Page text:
What’s New in the New Google+

There has been talk of Google+ changing almost consistently since its launch over 4 years ago, since which Google’s attempt at a social network has gone through numerous minor changes with services such as Google Photos becoming a separate entity and integration of local business listings becoming prevalent, which as a web marketing agency we found was highly beneficial, as we’ve previously reported on. It’s easy to argue that Google+ didn’t quite make the impact that Google were hoping for, but that’s not what the focus of this article is going to be on. In this article we want to look at how Google+ has changed recently, and what these changes will mean to both smaller more local businesses, as well as brief look at how we feel that larger national companies with multiple locations across the UK will be affected. Please be aware that there’s not been too much said about the recent changes (which we will address shortly), so this article should be treated as an opinion piece based on what we’ve experienced firsthand.

The Aesthetic Changes

You may have already witnessed the new Google+, but if you haven’t then during your next visit to the website you’ll likely notice that there’s a little message asking you to “Meet the new Google+. Simpler, faster, better.” If you click “Let’s Go” you’ll be taken to a version of the site that is aesthetically far more in keeping with the Material Design look that has been championed across numerous Android devices throughout 2015. The look is cleaner, complete with sharper more defined lines and bolder colours, and most notably of all, the site achieves that claim of it being simpler. A lot of clutter appears to have been removed, and while this is apparent for personal accounts, it’s particularly noticeable for business accounts.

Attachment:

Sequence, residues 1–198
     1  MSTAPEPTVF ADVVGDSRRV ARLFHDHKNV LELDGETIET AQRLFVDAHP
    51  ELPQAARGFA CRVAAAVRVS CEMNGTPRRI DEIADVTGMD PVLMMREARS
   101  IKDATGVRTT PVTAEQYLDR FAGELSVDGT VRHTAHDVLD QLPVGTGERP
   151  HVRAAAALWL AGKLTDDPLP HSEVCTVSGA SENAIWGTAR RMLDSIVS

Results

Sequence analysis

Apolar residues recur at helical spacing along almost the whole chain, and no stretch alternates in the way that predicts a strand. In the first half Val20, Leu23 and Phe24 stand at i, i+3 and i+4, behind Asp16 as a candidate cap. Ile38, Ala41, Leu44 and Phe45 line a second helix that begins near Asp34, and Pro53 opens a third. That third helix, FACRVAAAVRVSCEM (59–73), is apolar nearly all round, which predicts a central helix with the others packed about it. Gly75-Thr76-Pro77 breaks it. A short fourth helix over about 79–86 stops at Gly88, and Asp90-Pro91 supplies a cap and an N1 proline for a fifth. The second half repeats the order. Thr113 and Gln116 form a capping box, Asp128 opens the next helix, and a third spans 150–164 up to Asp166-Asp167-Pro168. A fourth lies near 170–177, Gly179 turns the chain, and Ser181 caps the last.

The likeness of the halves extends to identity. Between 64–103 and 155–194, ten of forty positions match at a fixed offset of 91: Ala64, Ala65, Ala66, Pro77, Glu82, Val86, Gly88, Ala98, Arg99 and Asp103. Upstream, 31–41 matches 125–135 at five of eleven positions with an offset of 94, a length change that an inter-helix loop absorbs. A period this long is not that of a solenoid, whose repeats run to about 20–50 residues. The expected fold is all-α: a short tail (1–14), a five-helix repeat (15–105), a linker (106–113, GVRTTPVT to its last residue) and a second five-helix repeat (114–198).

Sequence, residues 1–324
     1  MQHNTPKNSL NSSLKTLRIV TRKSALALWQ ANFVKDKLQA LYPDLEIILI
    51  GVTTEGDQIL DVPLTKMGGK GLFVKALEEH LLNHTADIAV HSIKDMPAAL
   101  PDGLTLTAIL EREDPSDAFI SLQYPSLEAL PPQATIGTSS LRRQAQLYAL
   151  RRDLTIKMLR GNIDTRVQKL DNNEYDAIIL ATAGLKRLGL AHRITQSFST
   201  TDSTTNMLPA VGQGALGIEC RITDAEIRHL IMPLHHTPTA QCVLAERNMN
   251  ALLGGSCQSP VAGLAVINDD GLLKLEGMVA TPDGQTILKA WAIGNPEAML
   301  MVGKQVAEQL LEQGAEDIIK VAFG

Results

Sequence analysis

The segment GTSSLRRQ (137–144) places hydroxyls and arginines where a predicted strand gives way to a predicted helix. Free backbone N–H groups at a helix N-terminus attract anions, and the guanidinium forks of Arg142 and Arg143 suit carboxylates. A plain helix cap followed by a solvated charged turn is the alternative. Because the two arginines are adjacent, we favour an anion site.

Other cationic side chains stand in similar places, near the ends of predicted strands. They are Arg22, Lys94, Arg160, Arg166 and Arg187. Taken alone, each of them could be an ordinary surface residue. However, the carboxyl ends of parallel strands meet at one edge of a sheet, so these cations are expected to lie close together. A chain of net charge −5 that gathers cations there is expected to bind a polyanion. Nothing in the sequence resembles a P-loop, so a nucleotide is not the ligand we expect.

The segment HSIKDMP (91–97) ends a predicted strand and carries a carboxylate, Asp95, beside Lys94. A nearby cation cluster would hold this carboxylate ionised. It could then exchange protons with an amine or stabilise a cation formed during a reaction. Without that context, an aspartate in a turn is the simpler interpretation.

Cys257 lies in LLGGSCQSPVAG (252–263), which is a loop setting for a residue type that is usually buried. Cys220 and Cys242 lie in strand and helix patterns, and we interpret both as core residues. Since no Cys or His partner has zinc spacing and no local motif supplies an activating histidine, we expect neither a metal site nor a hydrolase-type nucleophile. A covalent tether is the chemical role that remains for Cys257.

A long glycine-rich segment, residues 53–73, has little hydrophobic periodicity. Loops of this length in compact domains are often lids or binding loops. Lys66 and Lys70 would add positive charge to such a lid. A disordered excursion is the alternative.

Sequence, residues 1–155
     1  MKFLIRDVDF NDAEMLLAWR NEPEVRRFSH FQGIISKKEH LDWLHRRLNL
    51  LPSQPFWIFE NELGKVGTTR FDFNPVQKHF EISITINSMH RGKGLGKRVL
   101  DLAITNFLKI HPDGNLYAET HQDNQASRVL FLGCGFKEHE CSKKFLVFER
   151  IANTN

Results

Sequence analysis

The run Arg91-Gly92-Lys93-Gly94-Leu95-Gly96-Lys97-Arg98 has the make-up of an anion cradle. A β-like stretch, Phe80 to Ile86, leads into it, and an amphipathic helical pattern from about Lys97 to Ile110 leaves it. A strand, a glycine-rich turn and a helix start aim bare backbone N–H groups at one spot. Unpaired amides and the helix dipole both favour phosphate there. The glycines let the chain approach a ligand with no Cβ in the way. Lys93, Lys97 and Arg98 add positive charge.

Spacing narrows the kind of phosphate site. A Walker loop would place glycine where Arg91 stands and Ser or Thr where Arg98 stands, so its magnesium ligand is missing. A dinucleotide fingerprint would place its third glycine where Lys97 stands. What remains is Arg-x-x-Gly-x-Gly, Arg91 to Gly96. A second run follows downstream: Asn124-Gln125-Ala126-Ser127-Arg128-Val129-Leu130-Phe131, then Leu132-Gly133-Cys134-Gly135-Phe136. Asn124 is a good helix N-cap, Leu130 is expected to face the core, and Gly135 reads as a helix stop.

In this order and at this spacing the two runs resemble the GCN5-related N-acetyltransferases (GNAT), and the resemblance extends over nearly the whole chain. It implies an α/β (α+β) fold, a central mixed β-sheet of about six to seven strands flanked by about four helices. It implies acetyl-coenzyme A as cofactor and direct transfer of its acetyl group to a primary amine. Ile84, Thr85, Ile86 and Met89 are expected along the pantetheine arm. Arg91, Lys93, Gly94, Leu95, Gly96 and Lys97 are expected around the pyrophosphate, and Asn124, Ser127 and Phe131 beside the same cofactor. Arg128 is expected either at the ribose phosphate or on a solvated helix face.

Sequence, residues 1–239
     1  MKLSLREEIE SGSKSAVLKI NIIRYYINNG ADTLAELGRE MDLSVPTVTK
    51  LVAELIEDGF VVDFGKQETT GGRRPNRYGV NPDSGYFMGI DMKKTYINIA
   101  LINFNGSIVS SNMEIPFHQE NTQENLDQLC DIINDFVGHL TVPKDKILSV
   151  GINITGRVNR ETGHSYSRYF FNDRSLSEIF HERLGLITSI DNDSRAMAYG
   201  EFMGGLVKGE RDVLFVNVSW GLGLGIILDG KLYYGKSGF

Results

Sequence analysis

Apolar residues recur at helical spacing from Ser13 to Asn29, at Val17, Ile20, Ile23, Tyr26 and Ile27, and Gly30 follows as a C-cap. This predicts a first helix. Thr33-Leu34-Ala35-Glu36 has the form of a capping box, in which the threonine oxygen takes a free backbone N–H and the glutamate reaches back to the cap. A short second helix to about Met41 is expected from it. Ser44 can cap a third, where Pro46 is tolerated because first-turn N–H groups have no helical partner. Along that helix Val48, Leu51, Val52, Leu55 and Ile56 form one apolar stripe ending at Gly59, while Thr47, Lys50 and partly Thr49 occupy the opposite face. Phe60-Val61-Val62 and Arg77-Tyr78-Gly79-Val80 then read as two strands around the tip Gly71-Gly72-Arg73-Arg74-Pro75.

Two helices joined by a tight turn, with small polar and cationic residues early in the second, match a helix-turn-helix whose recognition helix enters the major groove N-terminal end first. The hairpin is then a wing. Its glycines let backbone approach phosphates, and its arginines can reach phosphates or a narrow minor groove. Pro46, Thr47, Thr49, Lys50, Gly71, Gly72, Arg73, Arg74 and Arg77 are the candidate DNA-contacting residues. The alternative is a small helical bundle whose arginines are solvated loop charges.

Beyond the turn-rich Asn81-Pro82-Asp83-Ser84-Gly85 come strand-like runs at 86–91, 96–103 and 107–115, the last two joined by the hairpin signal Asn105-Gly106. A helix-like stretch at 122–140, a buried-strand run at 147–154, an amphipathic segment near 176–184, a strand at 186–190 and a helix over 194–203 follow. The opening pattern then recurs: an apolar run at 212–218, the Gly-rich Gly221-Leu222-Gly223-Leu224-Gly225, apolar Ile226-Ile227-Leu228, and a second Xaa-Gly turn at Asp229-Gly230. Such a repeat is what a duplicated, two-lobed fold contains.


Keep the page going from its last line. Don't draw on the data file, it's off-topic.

The aesthetic changes that have been implemented on the new look Google+ appear to be part of the trend that Google have set with a push towards amalgamated look across mobile apps, browsers and desktops. Recently there have been reports of YouTube mimicking the look of the Android app, although this may have been the result of rollout tests rather than a full rollout that will likely come in the future.

Faster Load Times

It’s safe to assume that this will equate to faster loading times and is likely part of Google’s push toward a faster more accessible web. Whether the change actually leads to the site being faster will require some time and testing, but we can’t argue; it’s definitely simpler.

The Impact on Local Business

Local Business
We came across a number of changes that we can see becoming an issue for local businesses, but keep in mind this is an opinion piece, so panic isn’t necessary at the moment. When playing with the new look we found concerning annotations made by Google as to where it was obtaining its data from, as well as how much was directly editable by ourselves. The following changes stood out to us the most:

“From Google+”

When you look at the details of any given business you’ll now see annotations that claim that the address and phone number listings are from Google+, but it doesn’t say how it generates these and where it’s pulling them through from. They don’t appear to be editable anymore, and it’s not clear that these are being pulled from the website, whether using schema mark up or otherwise. It could be that Google is using another system, but at present it’s not telling us how. If this information is being gathered from Google search results we can see the potential problems for this system in the future, because if Google is using citations for your business from elsewhere online you would need to be aware of every citation for your business and then make sure that each of these are updated and free of errors to ensure that Google lists your business location correctly.